That pooling in the back is pretty annoying. Looks like I need a swayback adjustment. I'm not quite sure how to do it with those two vertical seams, but I will try to work some magic.

I am pretty happy with this blouse, and feel like I've done some really nice work. I did not make a muslin, and I probably should have. In addition to the pooling in the back, the armholes on this thing are ginormous. HUGE!

If you have this pattern, you may notice that the sleeve I used is not an option given on the envelope. The long sleeves are too long (it's Spring!) and the shorter sleeves are too poofy. They might be fine, but with the ruffle along the placket, I thought it would be totally too much. I just grabbed a sleeve I liked from a Simplicity pattern and used it instead. It wasn't a perfect match, but it worked on the fly. (I was not really up to any complicated adjustments this week.) This sleeve is normally pretty gathery at the top, but because the armscye is so HUGE, it is a little flatter.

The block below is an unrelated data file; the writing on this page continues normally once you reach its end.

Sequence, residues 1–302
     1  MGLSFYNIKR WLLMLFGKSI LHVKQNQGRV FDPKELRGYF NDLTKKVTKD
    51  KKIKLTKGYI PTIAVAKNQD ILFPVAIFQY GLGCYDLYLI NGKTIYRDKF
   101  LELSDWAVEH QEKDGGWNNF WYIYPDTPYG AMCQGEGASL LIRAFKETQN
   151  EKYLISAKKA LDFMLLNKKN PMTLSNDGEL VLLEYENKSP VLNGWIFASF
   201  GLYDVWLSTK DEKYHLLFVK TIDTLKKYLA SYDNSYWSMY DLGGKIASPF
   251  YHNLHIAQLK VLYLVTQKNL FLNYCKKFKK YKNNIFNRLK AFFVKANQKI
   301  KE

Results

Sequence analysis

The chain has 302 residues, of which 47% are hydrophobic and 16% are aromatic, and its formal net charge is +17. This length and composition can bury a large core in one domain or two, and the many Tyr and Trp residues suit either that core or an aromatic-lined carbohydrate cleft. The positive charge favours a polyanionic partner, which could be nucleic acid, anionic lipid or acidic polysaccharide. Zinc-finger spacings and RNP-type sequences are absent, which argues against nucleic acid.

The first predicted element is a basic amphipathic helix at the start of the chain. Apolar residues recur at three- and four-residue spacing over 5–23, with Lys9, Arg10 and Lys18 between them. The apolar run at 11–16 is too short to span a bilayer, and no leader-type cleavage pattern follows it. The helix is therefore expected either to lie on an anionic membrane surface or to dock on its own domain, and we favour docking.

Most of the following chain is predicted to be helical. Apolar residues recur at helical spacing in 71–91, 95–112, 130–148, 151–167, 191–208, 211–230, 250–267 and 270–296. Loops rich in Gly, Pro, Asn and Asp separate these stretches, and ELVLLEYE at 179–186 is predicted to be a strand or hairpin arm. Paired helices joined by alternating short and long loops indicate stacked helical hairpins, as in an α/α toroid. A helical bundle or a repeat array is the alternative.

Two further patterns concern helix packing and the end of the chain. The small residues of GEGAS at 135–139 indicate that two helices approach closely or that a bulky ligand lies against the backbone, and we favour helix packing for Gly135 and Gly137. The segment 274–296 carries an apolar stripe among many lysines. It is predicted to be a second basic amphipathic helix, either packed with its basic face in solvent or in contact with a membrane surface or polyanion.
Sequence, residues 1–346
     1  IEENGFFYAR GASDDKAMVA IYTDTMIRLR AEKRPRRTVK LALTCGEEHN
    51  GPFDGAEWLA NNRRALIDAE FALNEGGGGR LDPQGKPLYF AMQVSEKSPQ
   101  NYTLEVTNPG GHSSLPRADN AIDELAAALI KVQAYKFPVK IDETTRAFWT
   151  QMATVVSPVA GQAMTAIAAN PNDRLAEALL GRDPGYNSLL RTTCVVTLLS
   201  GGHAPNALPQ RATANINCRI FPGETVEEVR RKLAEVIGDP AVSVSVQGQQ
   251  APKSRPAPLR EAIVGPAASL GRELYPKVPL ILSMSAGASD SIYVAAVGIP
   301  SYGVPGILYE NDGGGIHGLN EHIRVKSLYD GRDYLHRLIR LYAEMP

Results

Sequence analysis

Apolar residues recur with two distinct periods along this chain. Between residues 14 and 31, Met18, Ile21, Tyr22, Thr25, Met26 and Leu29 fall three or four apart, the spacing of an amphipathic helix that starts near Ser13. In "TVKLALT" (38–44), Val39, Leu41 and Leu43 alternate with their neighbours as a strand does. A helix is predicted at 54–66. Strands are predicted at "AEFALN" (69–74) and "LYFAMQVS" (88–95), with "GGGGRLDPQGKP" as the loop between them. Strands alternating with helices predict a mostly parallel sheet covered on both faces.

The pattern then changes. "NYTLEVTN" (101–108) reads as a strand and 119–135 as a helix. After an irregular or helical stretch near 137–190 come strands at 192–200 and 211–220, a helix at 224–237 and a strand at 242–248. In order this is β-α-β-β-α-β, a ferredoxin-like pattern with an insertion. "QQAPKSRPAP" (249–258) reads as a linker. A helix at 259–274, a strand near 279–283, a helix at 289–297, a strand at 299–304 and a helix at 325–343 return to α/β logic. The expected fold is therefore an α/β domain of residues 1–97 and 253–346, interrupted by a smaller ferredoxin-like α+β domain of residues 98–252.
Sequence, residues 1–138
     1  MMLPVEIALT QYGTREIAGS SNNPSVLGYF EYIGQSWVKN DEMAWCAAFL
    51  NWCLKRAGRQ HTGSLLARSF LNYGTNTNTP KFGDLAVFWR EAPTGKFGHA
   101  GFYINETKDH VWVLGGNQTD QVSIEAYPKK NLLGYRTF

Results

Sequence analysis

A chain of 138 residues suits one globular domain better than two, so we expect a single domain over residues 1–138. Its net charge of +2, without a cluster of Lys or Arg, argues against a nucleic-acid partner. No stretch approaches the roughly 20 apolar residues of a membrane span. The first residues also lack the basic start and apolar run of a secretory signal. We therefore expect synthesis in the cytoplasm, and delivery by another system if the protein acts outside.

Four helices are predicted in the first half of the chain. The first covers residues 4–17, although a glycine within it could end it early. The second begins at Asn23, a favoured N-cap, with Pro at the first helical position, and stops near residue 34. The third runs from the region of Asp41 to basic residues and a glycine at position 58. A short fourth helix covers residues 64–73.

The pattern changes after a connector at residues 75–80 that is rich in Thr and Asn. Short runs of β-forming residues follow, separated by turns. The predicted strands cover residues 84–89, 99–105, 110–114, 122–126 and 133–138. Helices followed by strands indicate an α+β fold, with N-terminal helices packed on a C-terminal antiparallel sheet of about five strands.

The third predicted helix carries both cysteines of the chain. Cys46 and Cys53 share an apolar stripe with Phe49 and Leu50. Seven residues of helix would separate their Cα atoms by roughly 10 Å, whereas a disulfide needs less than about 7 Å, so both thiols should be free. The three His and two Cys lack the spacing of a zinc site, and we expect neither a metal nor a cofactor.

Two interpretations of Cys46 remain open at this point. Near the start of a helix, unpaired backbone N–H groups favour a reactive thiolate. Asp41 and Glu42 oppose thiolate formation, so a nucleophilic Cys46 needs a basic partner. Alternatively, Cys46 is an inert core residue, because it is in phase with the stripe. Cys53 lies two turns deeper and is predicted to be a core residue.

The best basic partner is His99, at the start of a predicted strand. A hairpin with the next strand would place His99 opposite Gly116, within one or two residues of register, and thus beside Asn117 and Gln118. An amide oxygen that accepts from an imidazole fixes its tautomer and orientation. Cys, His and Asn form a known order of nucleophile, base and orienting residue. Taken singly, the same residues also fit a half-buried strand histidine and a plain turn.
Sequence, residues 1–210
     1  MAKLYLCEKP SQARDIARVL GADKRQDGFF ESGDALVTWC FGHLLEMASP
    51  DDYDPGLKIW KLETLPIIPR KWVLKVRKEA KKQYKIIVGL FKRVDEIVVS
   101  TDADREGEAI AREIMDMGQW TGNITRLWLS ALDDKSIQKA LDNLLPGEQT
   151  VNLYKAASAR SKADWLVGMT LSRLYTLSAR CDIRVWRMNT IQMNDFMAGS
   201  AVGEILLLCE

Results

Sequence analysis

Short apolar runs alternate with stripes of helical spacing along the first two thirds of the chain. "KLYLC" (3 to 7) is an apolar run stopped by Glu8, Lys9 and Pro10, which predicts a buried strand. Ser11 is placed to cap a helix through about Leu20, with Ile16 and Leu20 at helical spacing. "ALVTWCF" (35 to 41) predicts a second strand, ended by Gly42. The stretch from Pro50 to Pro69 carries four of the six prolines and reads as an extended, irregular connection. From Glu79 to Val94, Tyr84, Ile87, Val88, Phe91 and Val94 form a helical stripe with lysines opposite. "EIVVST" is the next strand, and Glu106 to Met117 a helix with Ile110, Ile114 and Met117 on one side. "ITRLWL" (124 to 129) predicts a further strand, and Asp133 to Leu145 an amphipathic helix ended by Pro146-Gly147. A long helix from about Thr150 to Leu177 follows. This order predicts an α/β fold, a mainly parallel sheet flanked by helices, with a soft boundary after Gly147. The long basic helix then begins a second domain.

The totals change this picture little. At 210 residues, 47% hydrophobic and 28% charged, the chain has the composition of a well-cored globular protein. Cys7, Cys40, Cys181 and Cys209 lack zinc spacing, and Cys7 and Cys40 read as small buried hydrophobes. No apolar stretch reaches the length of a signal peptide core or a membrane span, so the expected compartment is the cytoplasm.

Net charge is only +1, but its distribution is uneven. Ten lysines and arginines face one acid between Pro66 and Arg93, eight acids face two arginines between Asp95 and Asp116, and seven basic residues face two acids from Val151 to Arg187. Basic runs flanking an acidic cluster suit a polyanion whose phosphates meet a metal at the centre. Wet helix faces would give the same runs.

Things I will do if I make this again.
  • Redraft that armscye. HUGE!
  • Make a special cap sleeve just for this pattern.
  • Swayback adjustment.
  • Draft a Peter Pan collar. I think it would look super cute. I have a vintage pattern with a Peter Pan collar and a ruffle and it is adorable.
I'm not sure how comfortable I am with that ruffle, but I won't know until I wear it a couple of times. I also had a lot of plaid matching on this shirt, some of which was successful, some not so much. However, I hoped the plaid was small enough that some mismatching would be no big deal. Looks fine to me.

Next up, Sencha #2.